|o President of the General Council||Claude Bertaud|
|o Total||6,990 km2 (2,700 sq mi)|
|o Density||62/km2 (160/sq mi)|
|Time zone||UTC+1 (CET)|
|^1 French Land Register data, which exclude estuaries, and lakes, ponds, and glaciers larger than 1 km2|
Established on March 4, 1790, during the French Revolution, Vienne is one of the original 83 departments. It was created from parts of the former provinces of Poitou, Touraine, and Berry, the latter being a part of the Duchy of Aquitaine until the 15th century.
The original Acadians, who settled in and around what is now Nova Scotia, left Vienne for North America after 1604. Kennedy (2014) argues that the emigrants carried to Canada their customs and social structure. They were frontier peoples, who dispersed their settlements based on kinship. They optimized use of farmland and emphasized trading for a profit. They were hierarchical and politically active.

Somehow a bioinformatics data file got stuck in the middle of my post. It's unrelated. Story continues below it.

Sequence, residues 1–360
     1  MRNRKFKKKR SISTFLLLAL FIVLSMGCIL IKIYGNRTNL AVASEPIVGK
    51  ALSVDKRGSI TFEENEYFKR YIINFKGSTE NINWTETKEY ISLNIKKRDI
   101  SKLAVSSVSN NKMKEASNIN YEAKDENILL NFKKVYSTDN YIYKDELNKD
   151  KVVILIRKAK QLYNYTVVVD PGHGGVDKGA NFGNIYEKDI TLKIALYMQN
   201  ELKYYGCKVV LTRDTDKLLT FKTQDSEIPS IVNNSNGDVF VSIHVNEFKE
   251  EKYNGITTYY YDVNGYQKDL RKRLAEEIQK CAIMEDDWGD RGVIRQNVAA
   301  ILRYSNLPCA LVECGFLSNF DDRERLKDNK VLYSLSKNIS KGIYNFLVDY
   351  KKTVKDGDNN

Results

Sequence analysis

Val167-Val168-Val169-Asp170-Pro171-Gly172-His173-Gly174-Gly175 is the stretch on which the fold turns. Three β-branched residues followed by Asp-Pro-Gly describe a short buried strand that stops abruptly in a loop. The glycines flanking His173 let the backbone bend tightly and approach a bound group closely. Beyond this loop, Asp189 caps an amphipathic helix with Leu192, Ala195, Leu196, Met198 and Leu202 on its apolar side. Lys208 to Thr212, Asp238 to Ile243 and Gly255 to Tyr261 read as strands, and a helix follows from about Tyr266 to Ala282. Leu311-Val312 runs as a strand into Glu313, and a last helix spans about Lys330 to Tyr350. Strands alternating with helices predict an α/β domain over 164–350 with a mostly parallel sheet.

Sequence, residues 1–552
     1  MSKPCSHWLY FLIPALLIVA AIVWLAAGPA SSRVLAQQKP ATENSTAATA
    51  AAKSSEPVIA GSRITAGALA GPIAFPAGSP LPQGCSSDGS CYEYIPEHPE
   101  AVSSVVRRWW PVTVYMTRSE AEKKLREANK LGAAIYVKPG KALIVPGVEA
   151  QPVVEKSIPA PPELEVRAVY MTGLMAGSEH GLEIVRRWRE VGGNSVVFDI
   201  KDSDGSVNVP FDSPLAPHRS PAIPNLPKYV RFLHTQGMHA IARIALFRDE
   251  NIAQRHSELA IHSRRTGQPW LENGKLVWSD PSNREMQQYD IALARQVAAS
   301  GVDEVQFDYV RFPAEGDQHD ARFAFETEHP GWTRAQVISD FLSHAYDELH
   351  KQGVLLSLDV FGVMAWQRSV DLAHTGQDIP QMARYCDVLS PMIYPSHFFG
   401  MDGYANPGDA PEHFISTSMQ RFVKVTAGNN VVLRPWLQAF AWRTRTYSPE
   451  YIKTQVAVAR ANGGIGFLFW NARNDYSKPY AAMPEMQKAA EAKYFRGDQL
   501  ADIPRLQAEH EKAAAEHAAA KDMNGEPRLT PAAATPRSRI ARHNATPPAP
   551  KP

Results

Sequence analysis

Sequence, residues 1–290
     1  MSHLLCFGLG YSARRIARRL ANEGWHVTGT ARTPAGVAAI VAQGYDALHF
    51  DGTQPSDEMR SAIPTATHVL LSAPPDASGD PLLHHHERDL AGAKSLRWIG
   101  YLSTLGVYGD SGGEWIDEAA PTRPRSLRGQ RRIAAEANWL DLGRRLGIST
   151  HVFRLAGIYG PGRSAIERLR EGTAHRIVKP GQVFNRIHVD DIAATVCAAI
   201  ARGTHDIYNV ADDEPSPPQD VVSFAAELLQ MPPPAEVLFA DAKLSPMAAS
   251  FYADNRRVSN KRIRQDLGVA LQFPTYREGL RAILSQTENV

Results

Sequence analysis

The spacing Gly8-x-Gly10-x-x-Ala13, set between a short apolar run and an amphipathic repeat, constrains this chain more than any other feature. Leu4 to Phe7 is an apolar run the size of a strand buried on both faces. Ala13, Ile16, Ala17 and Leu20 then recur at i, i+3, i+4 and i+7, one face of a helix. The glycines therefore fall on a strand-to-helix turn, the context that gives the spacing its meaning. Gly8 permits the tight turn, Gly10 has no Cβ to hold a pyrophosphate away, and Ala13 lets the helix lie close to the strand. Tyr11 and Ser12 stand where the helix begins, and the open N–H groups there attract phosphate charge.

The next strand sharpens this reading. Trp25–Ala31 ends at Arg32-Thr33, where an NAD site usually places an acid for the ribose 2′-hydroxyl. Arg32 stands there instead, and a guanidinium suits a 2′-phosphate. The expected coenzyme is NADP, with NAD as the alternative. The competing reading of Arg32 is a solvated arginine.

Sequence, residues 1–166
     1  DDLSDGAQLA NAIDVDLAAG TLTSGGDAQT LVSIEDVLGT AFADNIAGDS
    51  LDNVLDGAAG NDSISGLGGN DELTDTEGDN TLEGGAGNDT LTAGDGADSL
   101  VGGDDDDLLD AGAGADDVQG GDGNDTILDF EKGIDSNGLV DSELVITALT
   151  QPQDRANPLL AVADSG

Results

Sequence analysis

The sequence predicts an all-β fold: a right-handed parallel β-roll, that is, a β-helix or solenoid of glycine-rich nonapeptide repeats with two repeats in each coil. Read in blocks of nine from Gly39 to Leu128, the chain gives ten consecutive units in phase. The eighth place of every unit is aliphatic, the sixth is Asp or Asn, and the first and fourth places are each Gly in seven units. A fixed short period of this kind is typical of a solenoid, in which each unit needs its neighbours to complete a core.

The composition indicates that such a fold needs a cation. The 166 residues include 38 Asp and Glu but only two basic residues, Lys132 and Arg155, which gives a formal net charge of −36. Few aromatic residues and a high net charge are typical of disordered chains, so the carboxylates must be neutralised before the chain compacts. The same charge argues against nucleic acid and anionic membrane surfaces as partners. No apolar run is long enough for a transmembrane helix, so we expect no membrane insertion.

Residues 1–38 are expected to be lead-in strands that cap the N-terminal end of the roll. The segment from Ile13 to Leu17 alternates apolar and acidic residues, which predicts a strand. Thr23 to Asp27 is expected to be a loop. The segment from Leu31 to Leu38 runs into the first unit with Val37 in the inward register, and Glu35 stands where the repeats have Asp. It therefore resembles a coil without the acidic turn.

Édith Cresson, France's first woman Prime Minister from 1991-1992, was a deputy (MP) for the department.
|Vienne's 1st constituency||Jacques Savatier||La République En Marche!|
|Vienne's 2nd constituency||Sacha Houlié||La République En Marche!|
|Vienne's 3rd constituency||Jean-Michel Clément||La République En Marche!|
|Vienne's 4th constituency||Nicolas Turquois||MoDem|
Population development since 1801:
The capital Poitiers is the see of the Roman Catholic Archdiocese of Poitiers, which pastorally serves the department.
The most famous tourist sites include the Futuroscope theme park, Poitiers (city of Art and History), the Abbey Church of Saint-Savin-sur-Gartempe, a UNESCO world heritage site, the animal parks of Monkey's Valley in Romagne and the Crocodile Planet in Civaux.
Goat cheese making is an important industry of Vienne.
Vienne has a partnership relationship with:
Tympan of the church of Civray